Fintech brands continue to strengthen their position in the competitive and fast-changing financial sector. They're doing this by following different strategies that are helping them acquire users, boost adoption rates, and cement their services as vital in the business and consumer space.
When the current wave of Fintechs first emerged, these companies seemed set on challenging established financial institutions. In more recent years, the narrative has changed. Fintechs have recognised that banks are strategic partners that can help build their brand and distribute their services.
And banks are more than happy to work with Fintechs. Many have recognised the utility and adaptability that partnership with innovative Fintechs can bring.
Christian Lanng, co-founder and CEO of Tradeshift, the leader in supply chain payments and marketplaces, describes why established players are keen to embrace Fintechs. "If you're a large company today, you can try to cut costs, and that will get you somewhere, but ultimately if you want to continue to be successful you need to generate new markets, and you need to capture more customers, and all of that is honestly an innovation game, it's actually what these last generation start-ups have shown us, that if you don't innovate, you don't get to unlock the new market."
This is seeing banks invest significant sums into innovation and partnering with Fintechs. HSBC, for example, announced earlier this year it's allocated $200 million globally for investment in Fintech and enterprise start-ups. While Banco Santander made 23 equity investments to 19 unique Fintech start-ups in 2017 through its venture arm, Santander InnoVentures.
There are many ways that Fintechs and banks are collaborating. One of the most popular methods is co-creating within a bank-funded incubator. Banks and Fintechs use these as an opportunity to learn about each other's technology and to see how they can work together.
Most major banks run a programme like this. Take Barclays — the bank has run a successful incubator programme for many years, which has led to several Fintechs signing agreements with them. For example, Barclays is trialing itemised receipt technology, designed by Flux, a UK start-up, with 10,000 of the bank's customers.
If these trials are successful, the partnership between banks and Fintech often becomes more formal. For instance, Fintechs may white-label their technology for the bank. This allows the start-up to circumvent the entire user adoption challenge, by tapping into the customer base of another organisation. Automated pensions advice service Wealth Wizards focuses on white-label deals, with insurance provider LV= being an early adopter.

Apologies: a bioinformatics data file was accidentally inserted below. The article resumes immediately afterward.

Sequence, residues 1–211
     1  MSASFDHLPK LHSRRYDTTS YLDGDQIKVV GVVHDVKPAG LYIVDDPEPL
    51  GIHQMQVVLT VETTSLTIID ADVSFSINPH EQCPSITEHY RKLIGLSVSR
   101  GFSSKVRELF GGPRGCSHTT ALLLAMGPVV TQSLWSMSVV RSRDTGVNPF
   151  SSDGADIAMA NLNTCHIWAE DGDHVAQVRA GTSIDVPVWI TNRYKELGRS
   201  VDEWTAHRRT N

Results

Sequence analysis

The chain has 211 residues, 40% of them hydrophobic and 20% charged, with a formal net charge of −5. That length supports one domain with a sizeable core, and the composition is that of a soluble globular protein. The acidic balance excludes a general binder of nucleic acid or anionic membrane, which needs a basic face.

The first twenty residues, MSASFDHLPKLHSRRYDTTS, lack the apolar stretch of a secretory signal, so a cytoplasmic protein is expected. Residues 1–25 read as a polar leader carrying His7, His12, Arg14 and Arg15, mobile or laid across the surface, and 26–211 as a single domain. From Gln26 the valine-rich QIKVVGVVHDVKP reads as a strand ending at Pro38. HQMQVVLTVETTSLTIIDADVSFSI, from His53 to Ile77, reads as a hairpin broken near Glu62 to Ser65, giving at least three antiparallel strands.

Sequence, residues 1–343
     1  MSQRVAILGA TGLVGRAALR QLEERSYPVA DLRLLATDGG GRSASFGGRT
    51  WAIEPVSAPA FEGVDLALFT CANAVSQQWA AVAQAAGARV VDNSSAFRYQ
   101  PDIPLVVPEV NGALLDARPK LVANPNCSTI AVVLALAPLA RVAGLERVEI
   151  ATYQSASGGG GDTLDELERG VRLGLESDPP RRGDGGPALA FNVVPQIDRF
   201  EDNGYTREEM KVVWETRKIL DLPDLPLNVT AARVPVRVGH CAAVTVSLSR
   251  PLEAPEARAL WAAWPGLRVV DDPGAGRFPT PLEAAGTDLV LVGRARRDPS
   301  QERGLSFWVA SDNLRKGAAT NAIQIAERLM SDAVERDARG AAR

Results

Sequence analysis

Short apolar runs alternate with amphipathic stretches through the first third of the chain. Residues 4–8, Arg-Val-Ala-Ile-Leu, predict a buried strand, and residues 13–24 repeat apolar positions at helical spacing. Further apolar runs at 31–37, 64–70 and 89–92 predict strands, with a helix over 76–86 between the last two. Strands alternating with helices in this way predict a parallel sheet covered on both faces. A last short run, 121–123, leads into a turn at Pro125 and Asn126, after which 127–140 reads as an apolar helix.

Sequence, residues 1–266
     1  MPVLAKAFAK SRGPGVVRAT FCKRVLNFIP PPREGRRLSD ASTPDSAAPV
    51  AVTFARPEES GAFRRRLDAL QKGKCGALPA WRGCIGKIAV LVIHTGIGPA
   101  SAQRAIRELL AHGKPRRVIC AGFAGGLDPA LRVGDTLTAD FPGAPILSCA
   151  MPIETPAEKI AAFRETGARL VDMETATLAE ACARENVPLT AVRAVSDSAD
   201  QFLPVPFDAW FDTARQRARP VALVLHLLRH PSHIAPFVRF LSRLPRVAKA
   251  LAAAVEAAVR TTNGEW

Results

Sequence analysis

Banks may also invest in, or even acquire, the Fintech to use its technology internally or offer the service to its customers exclusively. For example, last year, J.P. Morgan acquired payments start-up, WePay. The bank said it would provide its 4 million small businesses clients with WePay's payments technology.
Speaking when the deal was announced, Bill Clerico, founder and CEO of WePay, explained why it accepted J.P. Morgan's offer. "Being part of the Chase family — with its global capabilities, brand and scale — will help us better support our growing list of platform partners and the businesses they serve. We're excited to marry the distribution of one of the world's largest and most respected financial institutions with the best technology and talent in Silicon Valley."
The regulators are fully supportive of the love affair between banks and Fintechs. In Europe, they've even put in place regulation to promote collaboration. PSD2 became law across the EU in January. PSD2 mandates 'open banking' which requires banks to open-up their payments infrastructure and customer data to third-party firms through APIs. The idea is to give non-banking firms the chance to compete with banks in the payments business and give consumers more choice over financial products and services.
Despite some initial reservations from the banks around what this would mean for some traditional revenue streams, there is a growing enthusiasm about the opportunities PSD2 may create. A survey by Temenos of 248 senior bankers across the globe found 80 percent see open banking as an opportunity, and 62 percent are willing to distribute third-party products through their platforms and channels.
And the Fintechs are ready to take advantage of this. For example, micro-investing Fintech Moneybox launched a successful open banking integration with Banco Santander at the beginning of August. Almost overnight, Banco Santander could offer a new and innovative service to its customers. While Moneybox suddenly had access to tens of thousands of potential new customers.
Of course, Fintechs don't always have to partner with banks to get their name out there. Many have gone their own way to capture the public's attention, applying innovative and headline-grabbing marketing strategies.
To provide just one example, Monese bank, which offers ultra-fast account opening for expats, is growing its user base through imaginative stunts. Norris Koppel, Founder and CEO, Monese, says: "Thinking outside the box and taking some creative risks has meant that in the past six months we've rebranded the famous Brexit bus and taken it on a positive tour through Europe to highlight the launch of our Euro accounts. And we even launched an open waitlist for the first interplanetary current account after the launch of SpaceX's Falcon Heavy. Both campaigns emphasised our inclusive approach to banking services." The value in PR from both stunts was huge, helping Monese to expand to more than 270,000 users.
The start-ups, unicorns and big names of Fintech are increasingly determining the future shape of the financial sector, but it will probably be through striking important partnerships, and in striking the public imagination, that the disruptors leave their largest mark.